Three of China's "Big Four" state-owned banks are the biggest investors in Tesla's massive Shanghai Gigafactory, making the Chinese state the largest investor in this battery and electric car making enterprise.

Construction of the Shanghai Gigafactory will begin in a few months and is being financed by $2 billion (RMB13 billion) in loans from a bevy of Chinese lenders led by three of the Big Four banks. These three Big Four banks are the Industrial and Commercial Bank of China (ICBC), China Construction Bank (CCB) and Agricultural Bank of China (ABC).

ICBC is the biggest bank in the world by total assets, deposits, loans, number of customers and number of employees. It posted a net profit of $45.6 billion in 2017, up 2.8 percent from 2016. CCB is the second largest bank in the world by market capitalization and reported a net profit of $38.5 billion in 2017, up 5.7 percent year-on-year.

ABC is China's third biggest bank by assets. It posted a net profit of $30.5 billion in 2017, up 4.9 percent from 2016. The participation of three of the Big Four effectively seems to indicate that the Chinese government is the Gigafactory's biggest creditor.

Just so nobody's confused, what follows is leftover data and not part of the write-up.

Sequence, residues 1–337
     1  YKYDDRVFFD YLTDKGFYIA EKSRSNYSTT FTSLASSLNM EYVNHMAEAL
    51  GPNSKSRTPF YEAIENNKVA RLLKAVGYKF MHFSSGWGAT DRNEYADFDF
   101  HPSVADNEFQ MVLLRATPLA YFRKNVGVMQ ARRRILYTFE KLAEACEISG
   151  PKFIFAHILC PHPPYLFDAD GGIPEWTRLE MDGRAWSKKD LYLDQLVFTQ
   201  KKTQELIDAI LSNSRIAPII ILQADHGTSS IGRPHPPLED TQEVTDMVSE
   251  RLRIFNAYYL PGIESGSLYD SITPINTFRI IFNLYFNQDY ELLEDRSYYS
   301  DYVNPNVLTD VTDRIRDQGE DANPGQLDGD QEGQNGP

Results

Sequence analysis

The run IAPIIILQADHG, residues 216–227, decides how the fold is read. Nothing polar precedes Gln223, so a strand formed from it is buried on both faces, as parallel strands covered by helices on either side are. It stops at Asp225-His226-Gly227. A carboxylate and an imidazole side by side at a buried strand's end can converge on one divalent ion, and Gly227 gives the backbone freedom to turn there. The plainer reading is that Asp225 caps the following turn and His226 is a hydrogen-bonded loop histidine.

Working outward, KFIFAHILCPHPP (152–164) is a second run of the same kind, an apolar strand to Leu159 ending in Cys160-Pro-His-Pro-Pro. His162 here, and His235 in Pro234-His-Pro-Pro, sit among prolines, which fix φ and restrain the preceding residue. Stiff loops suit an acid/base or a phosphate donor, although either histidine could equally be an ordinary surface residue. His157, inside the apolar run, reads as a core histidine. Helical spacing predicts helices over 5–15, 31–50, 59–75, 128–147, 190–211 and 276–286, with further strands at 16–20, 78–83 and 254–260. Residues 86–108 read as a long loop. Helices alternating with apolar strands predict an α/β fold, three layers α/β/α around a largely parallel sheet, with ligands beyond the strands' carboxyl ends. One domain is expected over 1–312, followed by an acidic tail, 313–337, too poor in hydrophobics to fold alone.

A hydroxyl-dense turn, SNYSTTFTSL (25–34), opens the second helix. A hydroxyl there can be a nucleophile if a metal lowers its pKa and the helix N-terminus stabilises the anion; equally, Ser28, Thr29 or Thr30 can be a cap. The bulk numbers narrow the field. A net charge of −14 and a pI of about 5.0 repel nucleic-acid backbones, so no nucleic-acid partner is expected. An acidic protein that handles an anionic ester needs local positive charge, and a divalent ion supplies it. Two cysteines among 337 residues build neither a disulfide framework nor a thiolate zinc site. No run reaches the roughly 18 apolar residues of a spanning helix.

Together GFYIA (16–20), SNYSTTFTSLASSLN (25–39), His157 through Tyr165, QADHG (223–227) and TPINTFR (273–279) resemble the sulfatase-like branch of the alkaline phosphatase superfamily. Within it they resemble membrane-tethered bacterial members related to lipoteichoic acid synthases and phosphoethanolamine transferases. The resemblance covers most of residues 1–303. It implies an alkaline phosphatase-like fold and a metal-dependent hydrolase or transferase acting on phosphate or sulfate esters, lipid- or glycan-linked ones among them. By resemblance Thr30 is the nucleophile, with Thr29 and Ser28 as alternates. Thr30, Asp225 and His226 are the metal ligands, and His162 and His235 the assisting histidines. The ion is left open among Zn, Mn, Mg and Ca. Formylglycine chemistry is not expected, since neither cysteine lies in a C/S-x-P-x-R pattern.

"We need to bring the Shanghai factory online," said Elon Musk last month during an earnings call with investors. "I think that's the biggest variable for getting to 500,000-plus a year. Our car is just very expensive going into China. We've got import duties, we've got transport costs, we've got higher costs of labor here."

During the same earnings call, Musk said Tesla needs "something in the order of $0.5 billion in CapEx to get to the 3,000 vehicle rate in Shanghai."

Some $500 million (RMB 3.3 billion) of Tesla's new financing will go to the first stage of the Shanghai Gigafactory, said JL Warren, a New York-based investment research firm that focuses on Chinese companies and U.S. firms with significant exposure in China.

JL Warren also said the first stage of financing will likely have a 3.9 percent interest rate, below the Public Bank of China benchmark rate of 4.35 percent. This benign rate should help Tesla get its assembly line running to produce its initial 250,000 Model 3 electric sedans.

This article originally appeared in IBTimes US.